In order to be successful at making good storage enclosure decisions, it will be important to be able to identify and segregate different print types so that the correct enclosure material and design can be used. It is highly recommended that users of these recommendations begin by studying the Print Comparison Tool in the Identification section of this site.
The primary purpose of storage enclosures is to provide physical protection for the object while not also posing a physical or chemical threat itself. Enclosure surfaces are also often used for labeling either directly by using pen, pencil, or ink stamp, or by the application of printed pressure sensitive labels. In these recommendations, we will only consider enclosures for storage and not for display which would include mounting adhesives, frames, and glazing. Mat board will be considered as many objects are stored matted. For recommendations on framing materials see Precautions for Display.
Note that the following approach is based on two existing ISO standards, 16245 Information and documentation - Boxes, file covers and other enclosures, made from cellulosic materials, for storage of paper and parchment documents, and18902 Imaging materials - Processed imaging materials - Albums, framing and storage materials, as well as research on this subject performed by IPI as part of their DP3 Project. A majority of potential problems will be averted if, at the very least, these standards are utilized when procuring storage materials. However, they are not completely satisfactory due to some unique issues associated with certain inkjet print types and products (see below). Institutions should purchase these standards and collection care personnel should become familiar with their requirements.
Note that objects safe to house in enclosures that meet ISO 18902 will also be safe in enclosures that meet ISO16245, as the former is more restrictive. However, collection objects requiring the use of ISO 18902 should not be assumed safe in those deemed acceptable by ISO 16245. Because of this, procurement can be simplified by using ISO 18902 for all enclosure materials.
Dye sublimation and traditional color photographic prints are similar enough in composition and performance over the long-term that they can be housed using the same storage enclosure guidelines detailed in ISO 18902 Imaging materials — Processed imaging materials — Albums, framing and storage materials.
Desktop and office laser printers are typically used to create documents, though they are occasionally used for ephemera, imaging, fine art, and other purposes. Electrophotographic digital presses are used to print additional objects type such as mass advertisements, books and periodicals. Because laser printers are essentially digital versions of photocopiers, printouts from these modern devices can be cared for like those from the earlier analog equipment. There are two important differences. First, the modern color laser printers do a better job fusing the colorants to the paper surface, so they are more resistant to abrasion. Also, as color laser printers did not appear until 1993, the paper they are printed on is highly likely to be alkaline as opposed to acidic, since the switch from acid to alkaline paper by the papermaking industry occurred during that period. This means that color laser prints are likely to be inherently more stable than older B&W laser and both color and B&W photocopies. For these reasons, IPI recommends the use of the ISO 16245 Information and documentation - Boxes, file covers and other enclosures, made from cellulosic materials, for storage of paper and parchment documents standard to select paper enclosures for these objects. If plastic enclosures are desired then ISO 18902 Imaging materials - Processed imaging materials - Albums, framing and storage materials may be used. It is important to emphasize that polyvinyl chloride (PVC) plastics should never be used, as their chemistry can soften printed toner causing permanent transfer from the document to the plastic.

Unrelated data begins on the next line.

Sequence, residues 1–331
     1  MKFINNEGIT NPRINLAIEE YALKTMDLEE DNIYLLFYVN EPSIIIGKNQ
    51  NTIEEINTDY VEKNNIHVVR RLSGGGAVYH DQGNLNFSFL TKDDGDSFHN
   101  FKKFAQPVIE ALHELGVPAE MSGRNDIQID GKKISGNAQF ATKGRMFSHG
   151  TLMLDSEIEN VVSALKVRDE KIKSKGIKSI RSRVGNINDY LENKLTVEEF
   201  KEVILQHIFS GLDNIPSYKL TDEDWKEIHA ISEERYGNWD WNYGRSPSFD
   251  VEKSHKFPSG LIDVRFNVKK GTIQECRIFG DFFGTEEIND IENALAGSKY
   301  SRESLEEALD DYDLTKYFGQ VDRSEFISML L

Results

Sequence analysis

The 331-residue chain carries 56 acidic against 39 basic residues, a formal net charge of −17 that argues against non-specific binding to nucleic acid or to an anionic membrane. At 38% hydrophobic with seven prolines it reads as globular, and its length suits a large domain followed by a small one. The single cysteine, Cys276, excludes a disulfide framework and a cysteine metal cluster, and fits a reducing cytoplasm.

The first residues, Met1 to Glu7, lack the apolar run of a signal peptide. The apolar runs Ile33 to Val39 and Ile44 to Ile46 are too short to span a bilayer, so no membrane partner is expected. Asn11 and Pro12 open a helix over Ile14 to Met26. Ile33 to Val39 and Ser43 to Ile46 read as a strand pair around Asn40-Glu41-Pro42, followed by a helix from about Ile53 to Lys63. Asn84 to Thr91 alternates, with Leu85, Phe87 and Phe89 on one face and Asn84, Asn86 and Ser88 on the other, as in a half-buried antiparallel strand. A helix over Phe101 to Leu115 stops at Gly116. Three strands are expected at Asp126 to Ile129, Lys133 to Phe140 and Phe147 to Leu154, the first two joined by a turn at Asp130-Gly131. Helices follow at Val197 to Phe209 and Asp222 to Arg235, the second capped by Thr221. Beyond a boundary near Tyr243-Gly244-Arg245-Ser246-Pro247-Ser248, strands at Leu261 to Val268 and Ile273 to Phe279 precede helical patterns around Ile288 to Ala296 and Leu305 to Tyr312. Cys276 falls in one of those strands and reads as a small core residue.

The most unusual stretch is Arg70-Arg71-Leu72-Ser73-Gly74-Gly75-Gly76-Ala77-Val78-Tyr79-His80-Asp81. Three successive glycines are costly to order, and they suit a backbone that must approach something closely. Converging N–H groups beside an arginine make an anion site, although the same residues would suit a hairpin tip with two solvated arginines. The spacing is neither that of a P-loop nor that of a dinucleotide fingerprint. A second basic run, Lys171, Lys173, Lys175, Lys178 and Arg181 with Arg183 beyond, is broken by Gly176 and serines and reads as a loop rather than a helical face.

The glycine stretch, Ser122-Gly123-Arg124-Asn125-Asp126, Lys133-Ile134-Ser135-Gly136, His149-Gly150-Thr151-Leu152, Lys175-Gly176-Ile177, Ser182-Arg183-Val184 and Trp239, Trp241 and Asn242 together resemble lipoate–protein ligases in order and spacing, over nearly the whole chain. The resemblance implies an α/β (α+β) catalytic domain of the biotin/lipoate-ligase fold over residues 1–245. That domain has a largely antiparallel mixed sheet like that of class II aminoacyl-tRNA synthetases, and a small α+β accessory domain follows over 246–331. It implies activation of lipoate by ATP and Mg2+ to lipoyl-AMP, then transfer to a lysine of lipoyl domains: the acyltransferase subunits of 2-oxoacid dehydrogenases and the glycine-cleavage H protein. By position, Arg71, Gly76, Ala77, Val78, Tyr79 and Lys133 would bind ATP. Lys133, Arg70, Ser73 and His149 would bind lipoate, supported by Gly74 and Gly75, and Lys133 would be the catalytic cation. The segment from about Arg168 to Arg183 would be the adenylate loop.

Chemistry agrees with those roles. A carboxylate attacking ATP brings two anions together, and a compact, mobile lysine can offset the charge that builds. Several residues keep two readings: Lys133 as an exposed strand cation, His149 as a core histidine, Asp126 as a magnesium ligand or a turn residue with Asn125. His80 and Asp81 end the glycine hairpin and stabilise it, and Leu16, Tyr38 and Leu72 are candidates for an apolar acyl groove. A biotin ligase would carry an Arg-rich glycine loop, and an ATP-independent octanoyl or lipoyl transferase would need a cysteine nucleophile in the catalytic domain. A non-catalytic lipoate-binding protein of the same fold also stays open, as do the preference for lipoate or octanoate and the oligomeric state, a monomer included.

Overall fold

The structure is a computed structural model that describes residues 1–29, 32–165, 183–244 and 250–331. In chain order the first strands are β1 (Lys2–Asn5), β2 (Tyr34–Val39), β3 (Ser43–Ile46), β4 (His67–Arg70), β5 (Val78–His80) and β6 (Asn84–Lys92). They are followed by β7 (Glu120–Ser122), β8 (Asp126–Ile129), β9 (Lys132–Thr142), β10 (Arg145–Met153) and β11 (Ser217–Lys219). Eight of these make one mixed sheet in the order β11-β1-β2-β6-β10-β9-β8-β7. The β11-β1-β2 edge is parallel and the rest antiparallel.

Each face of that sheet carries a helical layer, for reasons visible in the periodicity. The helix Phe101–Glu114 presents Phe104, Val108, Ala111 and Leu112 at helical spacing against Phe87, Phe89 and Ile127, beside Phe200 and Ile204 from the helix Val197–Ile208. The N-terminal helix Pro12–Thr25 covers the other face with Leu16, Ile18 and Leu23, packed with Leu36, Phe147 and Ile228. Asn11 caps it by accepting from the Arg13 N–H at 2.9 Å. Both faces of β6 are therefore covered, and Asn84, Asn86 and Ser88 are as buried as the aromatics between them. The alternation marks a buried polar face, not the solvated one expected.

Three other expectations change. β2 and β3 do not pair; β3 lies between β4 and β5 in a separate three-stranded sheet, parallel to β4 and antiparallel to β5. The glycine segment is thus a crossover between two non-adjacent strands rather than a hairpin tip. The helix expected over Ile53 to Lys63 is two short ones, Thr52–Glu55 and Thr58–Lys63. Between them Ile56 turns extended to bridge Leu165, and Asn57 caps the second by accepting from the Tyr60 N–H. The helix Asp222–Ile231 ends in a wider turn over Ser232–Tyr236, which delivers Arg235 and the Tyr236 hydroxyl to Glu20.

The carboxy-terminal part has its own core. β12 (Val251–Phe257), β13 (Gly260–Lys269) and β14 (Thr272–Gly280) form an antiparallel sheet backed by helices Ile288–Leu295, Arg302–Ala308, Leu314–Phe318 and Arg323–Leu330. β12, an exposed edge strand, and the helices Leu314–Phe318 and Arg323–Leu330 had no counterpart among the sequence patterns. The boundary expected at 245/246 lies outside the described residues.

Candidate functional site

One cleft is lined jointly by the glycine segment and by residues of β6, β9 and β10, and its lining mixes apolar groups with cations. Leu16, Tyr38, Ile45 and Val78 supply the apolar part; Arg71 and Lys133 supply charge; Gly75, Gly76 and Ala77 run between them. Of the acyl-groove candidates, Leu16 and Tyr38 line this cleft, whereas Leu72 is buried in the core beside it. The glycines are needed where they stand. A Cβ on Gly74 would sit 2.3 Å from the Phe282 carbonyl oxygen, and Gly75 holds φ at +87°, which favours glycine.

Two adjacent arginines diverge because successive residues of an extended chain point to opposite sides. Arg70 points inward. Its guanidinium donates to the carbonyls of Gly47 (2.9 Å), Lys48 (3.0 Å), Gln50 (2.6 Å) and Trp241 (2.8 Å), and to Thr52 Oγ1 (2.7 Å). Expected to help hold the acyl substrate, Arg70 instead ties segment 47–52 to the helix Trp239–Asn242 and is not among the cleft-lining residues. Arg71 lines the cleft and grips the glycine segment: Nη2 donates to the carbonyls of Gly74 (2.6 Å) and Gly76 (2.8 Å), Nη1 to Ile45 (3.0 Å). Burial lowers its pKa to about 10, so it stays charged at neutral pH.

It is more difficult to select safe enclosures for inkjet because of the diversity of the ink and paper formulations used, as well as the variety of print formats (e.g. photos, documents, fine art, ephemera, etc.). It will also be helpful to differentiate dye and pigment inkjet, as the latter is more sensitive to abrasion.
Inkjet Documents, Books, Periodicals and Ephemera
When printed on plain papers, and whether dye or pigment, inkjet can be stored using enclosures that meet ISO 16245 Information and documentation - Boxes, file covers and other enclosures, made from cellulosic materials, for storage of paper and parchment documents. If a specialty office paper (e.g. presentation paper, inkjet-specific paper), as opposed to a plain office paper, was used to create the object, then the requirements of ISO 18902 Imaging materials - Processed imaging materials - Albums, framing and storage materials should be followed. If plastic enclosures are used for inkjet on any paper, then ISO 18902 should be used.